“At the end of each grading period (nine weeks for LES or twelve weeks for MCHS), students will select to continue remote learning or return to traditional learning,” the school systems website states.

To learn more, visit the school systems website by clicking here. Or for questions, call the Central Offices at 931-759-7303. •

{The Lynchburg Times is the only independently owned and operated newspaper in Lynchburg. We cover Metro Moore County government, Jack Daniel’s Distillery, Nearest Green Distillery, Tims Ford State Park, Motlow State Community College, Moore County High School, Moore County Middle School, Lynchburg Elementary, Raider Sports, plus regional and state news.}

Parents: Moore bus riders should register

Moore County Schools won’t require masks this school year but bus riders will be required to wear masks and register prior to July 30. {File Photo}

According to the plan approved by the Metro School Board last Thursday, the Moore County School Board will not require all students to wear masks to attend the 2020-21 school year. However, students who ride the public buses to school will have their temperature taken prior to boarding the bus and will be required to wear masks while on the bus.

Parents of bus riding students will also need to register their bus rider prior to the first day of school. Only one form per household is required. To view the complete form, click here. If you have questions or concerns, contact Wendy Hart at the Moore County School System’s Central Office 931-759-7303 or visit the Moore County Schools website . Parents should register bus riders by no later than Thursday, July 30 to be eligible to ride the bus on the first day of school, which is August 5. •

{The Lynchburg Times is the only independently owned and operated newspaper in Lynchburg. We cover Metro Moore County government, Jack Daniel’s Distillery, Nearest Green Distillery, Tims Ford State Park, Motlow State Community College, Moore County High School, Moore County Middle School, Lynchburg Elementary, Raider Sports, plus regional and state news.}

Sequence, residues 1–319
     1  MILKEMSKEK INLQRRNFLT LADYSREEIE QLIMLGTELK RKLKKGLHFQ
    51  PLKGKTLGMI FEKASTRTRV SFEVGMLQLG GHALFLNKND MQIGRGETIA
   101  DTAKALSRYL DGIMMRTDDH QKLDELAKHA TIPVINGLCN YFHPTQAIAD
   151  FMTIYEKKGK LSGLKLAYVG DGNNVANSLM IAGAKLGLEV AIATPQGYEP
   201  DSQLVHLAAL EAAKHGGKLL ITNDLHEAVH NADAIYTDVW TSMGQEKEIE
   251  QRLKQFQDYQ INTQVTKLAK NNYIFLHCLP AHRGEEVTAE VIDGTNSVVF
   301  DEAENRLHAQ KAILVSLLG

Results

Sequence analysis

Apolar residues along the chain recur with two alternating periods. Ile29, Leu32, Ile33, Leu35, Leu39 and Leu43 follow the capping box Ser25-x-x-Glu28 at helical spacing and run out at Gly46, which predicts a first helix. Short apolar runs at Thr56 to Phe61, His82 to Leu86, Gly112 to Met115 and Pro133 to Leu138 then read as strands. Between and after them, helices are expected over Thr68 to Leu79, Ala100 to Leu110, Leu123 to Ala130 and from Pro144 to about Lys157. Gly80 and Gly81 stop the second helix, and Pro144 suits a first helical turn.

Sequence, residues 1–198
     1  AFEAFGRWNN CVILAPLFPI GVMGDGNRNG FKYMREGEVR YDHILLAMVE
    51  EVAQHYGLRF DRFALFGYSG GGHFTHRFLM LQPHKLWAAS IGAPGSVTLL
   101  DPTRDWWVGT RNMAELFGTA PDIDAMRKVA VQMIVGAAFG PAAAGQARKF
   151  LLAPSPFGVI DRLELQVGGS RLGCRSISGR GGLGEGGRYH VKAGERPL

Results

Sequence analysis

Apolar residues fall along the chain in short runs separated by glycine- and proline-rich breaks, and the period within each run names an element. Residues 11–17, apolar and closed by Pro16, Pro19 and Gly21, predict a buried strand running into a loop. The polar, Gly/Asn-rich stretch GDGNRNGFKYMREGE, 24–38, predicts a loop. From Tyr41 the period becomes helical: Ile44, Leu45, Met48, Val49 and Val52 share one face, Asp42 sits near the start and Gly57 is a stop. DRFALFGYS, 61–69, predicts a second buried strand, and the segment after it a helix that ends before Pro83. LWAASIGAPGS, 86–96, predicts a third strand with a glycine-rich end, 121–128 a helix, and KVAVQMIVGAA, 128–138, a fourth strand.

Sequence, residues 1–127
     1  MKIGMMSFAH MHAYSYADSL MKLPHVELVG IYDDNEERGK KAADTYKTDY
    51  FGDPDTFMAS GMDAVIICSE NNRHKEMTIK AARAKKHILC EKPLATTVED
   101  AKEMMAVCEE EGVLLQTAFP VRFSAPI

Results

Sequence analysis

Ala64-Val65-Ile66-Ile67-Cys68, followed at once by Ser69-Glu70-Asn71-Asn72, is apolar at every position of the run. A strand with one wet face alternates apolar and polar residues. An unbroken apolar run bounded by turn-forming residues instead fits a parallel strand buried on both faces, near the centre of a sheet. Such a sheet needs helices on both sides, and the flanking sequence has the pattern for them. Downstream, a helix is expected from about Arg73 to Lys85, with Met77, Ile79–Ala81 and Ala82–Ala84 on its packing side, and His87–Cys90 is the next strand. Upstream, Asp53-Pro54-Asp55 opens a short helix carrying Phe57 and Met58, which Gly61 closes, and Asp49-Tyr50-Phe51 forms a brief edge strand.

School Board will discuss COVID re-opening plan on Thursday

MOORE COUNTY — What’s the continuous learning plan and/or COVID re-opening plan for Moore County Schools? That question will be front and center at the Metro School Board meeting on Thursday, July 16 at 6 p.m. In order to accommodate what could be a larger crowd, the meeting will take place at the LES Cafeteria.

On June 18, Director of Schools Chad Moorehead told The Lynchburg Times that he planned to stick to the Metro School Board approved schedule if possible. (To read that article, click here.)

“We have a school board approved schedule in place and I’m going to do everything I can to stick to it,” he said. “The one variable I can’t control is the virus.”

Whether or not schools should re-open to onsite learning and what that would look like has been a hot topic in Moore County recently as confirmed COVID-19 cases continue to rise. After holding steady at five total cases up until June 26, Moore County’s case count has since more than quadrupled. As of Monday, July 13 there were 21 total cases with 15 of those being active.

All Metro School Board meetings are open to the general public. To full the full agenda, click here. •

{The Lynchburg Times is the only independently owned and operated newspaper in Lynchburg. We cover Metro Moore County government, Jack Daniel’s Distillery, Nearest Green Distillery, Tims Ford State Park, Motlow State Community College, Moore County High School, Moore County Middle School, Lynchburg Elementary, Raider Sports, plus regional and state news.}

Schools seek parent feedback on fall re-opening

Moore County Director of Schools Chad Moorehead recently posted a survey requesting parent feedback on fall school re-opening. {File Photo}